Montage of Cathie Wood, ARK Invest logo, Tesla, Bitcoin
Cathie Wood’s Ark Invest has carved out a position as the poster child of the US stock market boom © FT montage; Reuters, Getty, Dreamstime

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‘Queen of the bull market’ faces her toughest test

It’s a familiar phenomenon in the hedge fund industry. A manager records big gains in the early years on a small asset base. Investors chase the performance and assets pour in. Returns plummet.

A similar dynamic is unfolding at Cathie Wood’s Ark Invest, which has carved out a position as the poster child of the US stock market boom.

Through her ability to sell an investment narrative and a savvy adoption of social media, Wood has captivated the imaginations of legions of retail investors and billions of dollars by pitching aggressive bets on companies and technologies that she says will reshape the world, most famously Tesla.

Her successful bets on everything from genomics to bitcoin spawned a range of merchandise, including a T-shirt that depicts her riding a bull with the slogan: “The Queen of the bull market”. 

On the face of it, Wood’s results have been spectacular. The Ark Disruptive Innovation ETF — the company’s $17bn flagship fund that goes by the ticker ARKK and combines an exchange traded fund structure with an ability to pick stocks — has generated average annual gains of about 40 per cent over the past five years.

But more recently, its returns have spluttered, as investors have ditched the high-growth but often unprofitable technology stocks that powered its extraordinary rise. ARKK is now down almost 40 per cent from its February peak. From a high in the same month of $61bn, assets in the company’s overall stable of ETFs have fallen to $34bn.

Crucially, the average investor in Ark Invest is now underwater, according to Bespoke Investment Group. This is because while its line-up of ETFs has a record of stellar average annual gains, much of the returns came when it had a much smaller asset base. After assets surged, performance waned, as the chart below of money-weighted returns of Ark ETFs illustrates.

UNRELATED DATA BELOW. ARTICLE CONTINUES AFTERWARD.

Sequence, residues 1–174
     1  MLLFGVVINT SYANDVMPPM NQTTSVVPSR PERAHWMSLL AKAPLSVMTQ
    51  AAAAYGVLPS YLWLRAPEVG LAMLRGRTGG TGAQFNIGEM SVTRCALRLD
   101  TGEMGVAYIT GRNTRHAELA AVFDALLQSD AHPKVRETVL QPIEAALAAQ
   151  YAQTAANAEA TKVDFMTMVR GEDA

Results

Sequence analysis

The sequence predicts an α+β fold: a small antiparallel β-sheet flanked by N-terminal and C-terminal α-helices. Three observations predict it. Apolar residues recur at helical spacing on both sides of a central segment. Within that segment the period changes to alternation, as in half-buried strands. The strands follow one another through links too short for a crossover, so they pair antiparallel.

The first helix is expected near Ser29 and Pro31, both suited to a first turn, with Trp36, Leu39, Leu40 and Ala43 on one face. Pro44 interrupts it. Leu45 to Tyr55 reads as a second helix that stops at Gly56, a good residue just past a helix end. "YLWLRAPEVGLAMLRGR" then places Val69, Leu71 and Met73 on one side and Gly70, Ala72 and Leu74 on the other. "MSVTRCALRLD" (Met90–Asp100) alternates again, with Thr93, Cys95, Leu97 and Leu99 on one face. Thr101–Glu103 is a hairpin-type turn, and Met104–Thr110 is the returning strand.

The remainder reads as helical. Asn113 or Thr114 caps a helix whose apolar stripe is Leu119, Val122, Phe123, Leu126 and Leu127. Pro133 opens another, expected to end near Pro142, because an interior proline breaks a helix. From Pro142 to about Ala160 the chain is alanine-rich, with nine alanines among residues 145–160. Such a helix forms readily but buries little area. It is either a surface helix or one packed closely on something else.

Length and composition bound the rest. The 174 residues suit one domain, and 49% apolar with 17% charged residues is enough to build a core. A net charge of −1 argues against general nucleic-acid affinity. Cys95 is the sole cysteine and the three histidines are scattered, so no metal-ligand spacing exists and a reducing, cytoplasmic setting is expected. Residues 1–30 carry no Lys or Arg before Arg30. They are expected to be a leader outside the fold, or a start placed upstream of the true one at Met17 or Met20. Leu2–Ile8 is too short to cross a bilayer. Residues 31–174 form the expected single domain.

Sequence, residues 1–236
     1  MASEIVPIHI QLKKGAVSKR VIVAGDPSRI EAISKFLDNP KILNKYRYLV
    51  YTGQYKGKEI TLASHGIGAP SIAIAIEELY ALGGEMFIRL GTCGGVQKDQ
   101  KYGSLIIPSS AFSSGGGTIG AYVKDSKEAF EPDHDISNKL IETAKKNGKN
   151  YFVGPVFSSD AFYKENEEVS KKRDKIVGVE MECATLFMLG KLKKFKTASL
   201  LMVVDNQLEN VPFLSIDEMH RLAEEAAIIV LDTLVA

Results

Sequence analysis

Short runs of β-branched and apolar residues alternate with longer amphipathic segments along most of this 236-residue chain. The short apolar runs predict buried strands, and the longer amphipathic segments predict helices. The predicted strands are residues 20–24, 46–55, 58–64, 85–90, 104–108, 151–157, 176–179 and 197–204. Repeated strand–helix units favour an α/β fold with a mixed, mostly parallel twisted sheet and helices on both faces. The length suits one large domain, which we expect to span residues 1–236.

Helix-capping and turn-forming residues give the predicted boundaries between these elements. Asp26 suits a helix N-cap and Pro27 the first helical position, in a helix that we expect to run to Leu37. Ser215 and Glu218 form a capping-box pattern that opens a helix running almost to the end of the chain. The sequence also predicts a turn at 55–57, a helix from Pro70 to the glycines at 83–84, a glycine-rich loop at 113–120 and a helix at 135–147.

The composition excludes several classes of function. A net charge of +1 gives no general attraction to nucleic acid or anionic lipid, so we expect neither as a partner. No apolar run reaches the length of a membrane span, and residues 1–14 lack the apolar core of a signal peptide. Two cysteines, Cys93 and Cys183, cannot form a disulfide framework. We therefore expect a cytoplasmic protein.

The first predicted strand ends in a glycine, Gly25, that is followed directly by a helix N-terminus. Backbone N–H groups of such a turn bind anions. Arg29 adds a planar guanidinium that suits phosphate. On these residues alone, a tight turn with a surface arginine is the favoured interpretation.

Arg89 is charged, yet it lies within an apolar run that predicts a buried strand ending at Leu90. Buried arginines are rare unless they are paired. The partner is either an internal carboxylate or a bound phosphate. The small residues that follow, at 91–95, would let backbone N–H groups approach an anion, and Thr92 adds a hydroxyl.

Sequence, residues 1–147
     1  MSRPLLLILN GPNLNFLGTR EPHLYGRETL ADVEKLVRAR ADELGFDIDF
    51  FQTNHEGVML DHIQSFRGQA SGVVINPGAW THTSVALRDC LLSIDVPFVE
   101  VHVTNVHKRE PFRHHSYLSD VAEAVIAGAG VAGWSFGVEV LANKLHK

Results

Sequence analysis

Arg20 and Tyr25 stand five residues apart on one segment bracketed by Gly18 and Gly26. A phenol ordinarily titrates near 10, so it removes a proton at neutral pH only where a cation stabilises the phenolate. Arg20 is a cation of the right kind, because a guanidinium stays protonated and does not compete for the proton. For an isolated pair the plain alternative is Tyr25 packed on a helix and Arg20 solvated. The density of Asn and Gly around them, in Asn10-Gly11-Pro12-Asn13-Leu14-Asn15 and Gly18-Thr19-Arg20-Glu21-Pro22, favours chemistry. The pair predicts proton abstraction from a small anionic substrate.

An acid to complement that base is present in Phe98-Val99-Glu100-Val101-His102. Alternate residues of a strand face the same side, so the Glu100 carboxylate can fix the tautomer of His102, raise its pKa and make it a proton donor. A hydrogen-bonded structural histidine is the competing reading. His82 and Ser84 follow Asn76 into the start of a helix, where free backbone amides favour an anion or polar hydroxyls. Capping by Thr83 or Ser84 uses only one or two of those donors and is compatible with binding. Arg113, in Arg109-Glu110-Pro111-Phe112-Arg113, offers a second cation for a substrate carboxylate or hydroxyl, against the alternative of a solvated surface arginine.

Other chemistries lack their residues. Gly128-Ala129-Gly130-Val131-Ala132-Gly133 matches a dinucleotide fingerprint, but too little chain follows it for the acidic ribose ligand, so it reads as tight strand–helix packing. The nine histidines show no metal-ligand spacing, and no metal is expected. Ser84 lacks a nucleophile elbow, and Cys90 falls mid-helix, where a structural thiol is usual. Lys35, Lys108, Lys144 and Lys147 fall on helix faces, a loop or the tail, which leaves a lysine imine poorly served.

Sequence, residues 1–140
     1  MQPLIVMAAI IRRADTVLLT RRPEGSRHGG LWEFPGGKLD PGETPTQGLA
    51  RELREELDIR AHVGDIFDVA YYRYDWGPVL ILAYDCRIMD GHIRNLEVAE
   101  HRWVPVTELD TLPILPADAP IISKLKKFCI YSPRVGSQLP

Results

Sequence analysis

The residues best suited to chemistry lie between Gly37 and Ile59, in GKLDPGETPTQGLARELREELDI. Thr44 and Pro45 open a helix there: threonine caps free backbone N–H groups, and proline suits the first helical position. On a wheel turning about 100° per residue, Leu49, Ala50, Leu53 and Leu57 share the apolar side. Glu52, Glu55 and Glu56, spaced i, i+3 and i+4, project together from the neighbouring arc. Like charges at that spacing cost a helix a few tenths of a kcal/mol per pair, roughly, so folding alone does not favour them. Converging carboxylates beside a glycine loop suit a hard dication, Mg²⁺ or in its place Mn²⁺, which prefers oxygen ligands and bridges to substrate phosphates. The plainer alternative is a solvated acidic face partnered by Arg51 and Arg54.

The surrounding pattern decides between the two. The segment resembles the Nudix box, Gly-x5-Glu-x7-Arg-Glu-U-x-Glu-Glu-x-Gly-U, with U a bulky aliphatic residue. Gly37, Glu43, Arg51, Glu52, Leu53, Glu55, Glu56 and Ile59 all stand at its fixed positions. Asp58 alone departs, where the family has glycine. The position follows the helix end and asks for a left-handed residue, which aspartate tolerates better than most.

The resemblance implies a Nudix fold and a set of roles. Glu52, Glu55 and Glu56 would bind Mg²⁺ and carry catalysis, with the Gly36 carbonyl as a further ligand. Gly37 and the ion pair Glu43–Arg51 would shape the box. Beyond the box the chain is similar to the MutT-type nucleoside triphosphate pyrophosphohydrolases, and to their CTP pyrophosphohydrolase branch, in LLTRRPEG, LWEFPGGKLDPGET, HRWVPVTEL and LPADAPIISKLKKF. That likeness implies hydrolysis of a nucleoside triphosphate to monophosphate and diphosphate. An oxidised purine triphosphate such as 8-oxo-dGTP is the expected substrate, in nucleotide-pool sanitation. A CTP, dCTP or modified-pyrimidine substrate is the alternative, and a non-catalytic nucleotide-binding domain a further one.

“As great as Cathie is at identifying the themes and the winners and losers, her biggest blind spot is managing risk and volatility,” said Lisa Shalett, chief investment officer at Morgan Stanley Wealth Management and Wood’s former boss at asset manager AllianceBernstein.

In this deep dive that I wrote with my colleague Robin Wigglesworth, we look at the vulnerabilities in Ark’s business model and explore how some of the factors that helped it on the way up, could hurt it on the way down.

“If you’re investing in very illiquid stocks, you’re bidding them up as you get inflows,” says Edwin Dorsey, a short seller and author of newsletter The Bear Cave. “But on the downside, it works in exactly the opposite way where you’re selling out of positions.”

Another short seller, Marc Cohodes, who is not wagering against Ark, is even more blunt:

“Given the concentrations and risks in the portfolio, it’s setting up as a disaster. It’s a highly risky set-up and it’s sort of unprecedented because no one has seen an ETF unwind to the extent that this one could.”

The next quant revolution

Stephen Schwarzman‘s eye for a canny deal has made him one of the richest people on the planet. But almost all of Blackstone‘s acquisitions have been on behalf of its myriad buyout funds — with a few notable exceptions.

One was the well-timed purchase of GSO Capital Partners in 2008, which is today the crown jewel of Blackstone’s $178bn credit business. The latest was last year’s acquisition of Diversified Credit Investments, which Schwarzman is betting will prove just as successful as GSO.

DCI is very different from GSO, however, and offers clues as to how Schwarzman sees corporate debt markets and investing evolving in the coming years. Where GSO relied on the experience, nous and ruthlessness of its founders Bennett Goodman, Doug Ostrover and Tripp Smith, DCI is powered by algorithms, complicated models and automated trading.

And as Robin and Laurence Fletcher explore in this long read, systematic credit strategies such as those espoused by DCI are one of the hottest topics in quantland at the moment. In fact, Paul Kamenski, a senior executive at Man Group, argues it is the “last big frontier” for quantitative investing.